The Boston Celtics are set to add another small forward to a roster that already includes starter Jae Crowder and emerging Jaylen Brown, the No. 3 overall pick a year ago.
Whether that player is Josh Jackson or Jayson Tatum or even Jimmy Butler, who could be Danny Ainge’s end game, stockpiling more picks to throw at the Bulls for the All-Star forward, Boston will be deep at the position.
Riley can also say the position is wide open. Justise Winslow is the only true small forward on the Heat roster and he would make for a nice sixth man. But this is more about the Celtics, who are creating quite a logjam at the spot and now may be better served spending their free agent dollars on another position.
Boston still will make the case that with Crowder, Brown and either Jackson or Tatum, Hayward will be the unquestioned top dog at the position and the top offensive threat. Still, four small forwards is excessive. And if the Celtics are angling for Butler, why would they want to eventually be paying max money to two players who play the same position? Butler could move to shooting guard but Avery Bradley has emerged at that position.
Boston may then decide to refocus its free agency plan and target a power forward – a position of much greater need – like Blake Griffin or Paul Millsap.
That means the vote comes down to how the Pacers did against the Hawks or how the Bulls did against the Nets on the final night of the regular season?
How does that make any sense?
If either of those two teams lose, Spoelstra is deemed the league’s best coach because the Heat make the playoffs with the exact same 41-41 record and exact same 30-11 run the second half of the season?
A run that gave the Heat the second-best record in the league over the final three months, behind the Warriors.
We all know that did not happen, the Heat lost out on the postseason on a tie-breaker and Erik Spoelstra is not going to win Coach of the Year. …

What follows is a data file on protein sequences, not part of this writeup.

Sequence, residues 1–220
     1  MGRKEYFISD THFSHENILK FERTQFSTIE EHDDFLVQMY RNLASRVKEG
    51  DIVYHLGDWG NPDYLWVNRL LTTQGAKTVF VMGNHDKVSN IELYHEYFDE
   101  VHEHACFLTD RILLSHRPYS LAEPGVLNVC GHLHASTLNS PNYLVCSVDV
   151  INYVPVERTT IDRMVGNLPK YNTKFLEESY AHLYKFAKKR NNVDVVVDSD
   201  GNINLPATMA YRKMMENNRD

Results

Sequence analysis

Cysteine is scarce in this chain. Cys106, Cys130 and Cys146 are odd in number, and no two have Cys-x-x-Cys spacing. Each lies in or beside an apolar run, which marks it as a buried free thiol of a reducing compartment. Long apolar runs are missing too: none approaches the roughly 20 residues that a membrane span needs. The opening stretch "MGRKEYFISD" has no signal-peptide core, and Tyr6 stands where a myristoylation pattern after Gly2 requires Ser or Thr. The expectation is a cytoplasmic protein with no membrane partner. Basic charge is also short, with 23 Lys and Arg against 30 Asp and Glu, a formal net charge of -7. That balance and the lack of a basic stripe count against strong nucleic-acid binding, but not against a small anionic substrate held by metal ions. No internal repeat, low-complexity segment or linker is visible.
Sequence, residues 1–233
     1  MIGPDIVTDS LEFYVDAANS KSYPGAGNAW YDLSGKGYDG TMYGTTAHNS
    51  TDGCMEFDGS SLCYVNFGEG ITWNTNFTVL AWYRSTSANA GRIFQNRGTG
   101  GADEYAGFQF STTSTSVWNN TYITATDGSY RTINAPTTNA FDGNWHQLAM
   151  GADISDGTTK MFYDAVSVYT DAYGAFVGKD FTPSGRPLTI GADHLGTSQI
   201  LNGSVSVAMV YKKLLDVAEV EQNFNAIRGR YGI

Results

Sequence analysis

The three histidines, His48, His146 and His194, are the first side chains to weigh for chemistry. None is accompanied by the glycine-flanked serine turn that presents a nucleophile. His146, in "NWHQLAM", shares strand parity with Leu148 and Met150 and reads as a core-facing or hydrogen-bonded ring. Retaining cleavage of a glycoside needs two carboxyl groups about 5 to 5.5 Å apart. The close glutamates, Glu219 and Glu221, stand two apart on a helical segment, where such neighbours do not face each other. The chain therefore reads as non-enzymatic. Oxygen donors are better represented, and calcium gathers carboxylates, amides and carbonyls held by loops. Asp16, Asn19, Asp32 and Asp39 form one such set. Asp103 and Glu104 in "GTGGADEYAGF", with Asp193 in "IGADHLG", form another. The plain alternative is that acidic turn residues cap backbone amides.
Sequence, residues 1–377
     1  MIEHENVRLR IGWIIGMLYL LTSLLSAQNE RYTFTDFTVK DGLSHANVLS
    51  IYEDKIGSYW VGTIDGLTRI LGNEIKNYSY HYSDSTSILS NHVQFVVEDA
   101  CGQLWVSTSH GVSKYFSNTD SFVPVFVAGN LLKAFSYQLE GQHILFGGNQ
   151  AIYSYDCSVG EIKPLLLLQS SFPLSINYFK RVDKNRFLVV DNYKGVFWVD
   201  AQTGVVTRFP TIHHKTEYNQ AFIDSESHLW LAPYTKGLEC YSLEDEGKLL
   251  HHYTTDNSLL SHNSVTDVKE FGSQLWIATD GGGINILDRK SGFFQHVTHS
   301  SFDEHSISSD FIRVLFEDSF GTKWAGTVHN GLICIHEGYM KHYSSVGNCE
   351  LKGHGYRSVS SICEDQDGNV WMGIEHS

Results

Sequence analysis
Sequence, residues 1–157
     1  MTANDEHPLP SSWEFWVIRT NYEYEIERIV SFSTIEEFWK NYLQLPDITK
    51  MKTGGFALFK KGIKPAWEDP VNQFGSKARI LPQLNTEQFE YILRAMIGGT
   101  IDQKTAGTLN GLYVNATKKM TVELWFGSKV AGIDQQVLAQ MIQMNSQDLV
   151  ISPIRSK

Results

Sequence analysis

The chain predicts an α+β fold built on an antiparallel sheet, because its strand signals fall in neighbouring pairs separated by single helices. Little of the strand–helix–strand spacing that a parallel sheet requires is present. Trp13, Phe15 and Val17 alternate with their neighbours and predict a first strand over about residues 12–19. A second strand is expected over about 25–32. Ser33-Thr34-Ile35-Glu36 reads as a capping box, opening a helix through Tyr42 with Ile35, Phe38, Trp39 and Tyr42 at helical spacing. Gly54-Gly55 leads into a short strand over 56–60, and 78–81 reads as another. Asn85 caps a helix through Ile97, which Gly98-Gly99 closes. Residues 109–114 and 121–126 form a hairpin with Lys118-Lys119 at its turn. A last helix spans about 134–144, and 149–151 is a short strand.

But he should.
That award, which will be announced at the first-ever NBA Awards banquet June 26, likely will go to Mike D’Antoni, who improved Houston’s win total by 14 to 55-47 and put James Harden in position to become a legitimate MVP candidate.
But the case for Spoelstra is strong, and not just as some mercy vote to atone for finishing second in 2013 when he led the Heat to a 66-20 record.
Even with that run in which the Heat played in four consecutive Finals, this was Spoelstra’s best coaching job. And while the burden on a coach should not be dismissed when a team has three (or, as he did during two of those Finals runs, four) future Hall of Famers, Spoelstra’s job was so much more difficult, on and off the court, this season.
Spoelstra is my choice not only for taking a team that did not have one All-Star, current or past, from an 11-30 first half to a stunning reversal in the second half of the season, but for the job he did while not blowing a whistle or scheming on a dry-erase board. He kept this players’ spirits buoyed and kept them from turning into the Nets when they were 19 games under .500 entering of Jan. 17.
The award should be narrowed to five candidates: Spoelstra, D’Antoni, San Antonio’s Gregg Popovich, Boston’s Brad Stevens and Utah’s Quin Snyder.
Spoelstra undeniably had the least to work with among the candidates. And it wasn’t close.
Just look at the number of All-Star Games represented on each roster: Spurs 23, Jazz 8, Celtics 6, Rockets 5. …
And if you want to expand the pool to Washington’s Scott Brooks and the Warriors Steve Kerr (whose team had the league’s best record at 76-12), the Wizards have four All-Star appearances on their roster and the Warriors have 20.
Speaking of the best record: That 2012-13 season when Miami won 66 games, Denver’s George Karl won the award with a 57-25 record. Spoelstra was runner-up, 214 votes behind.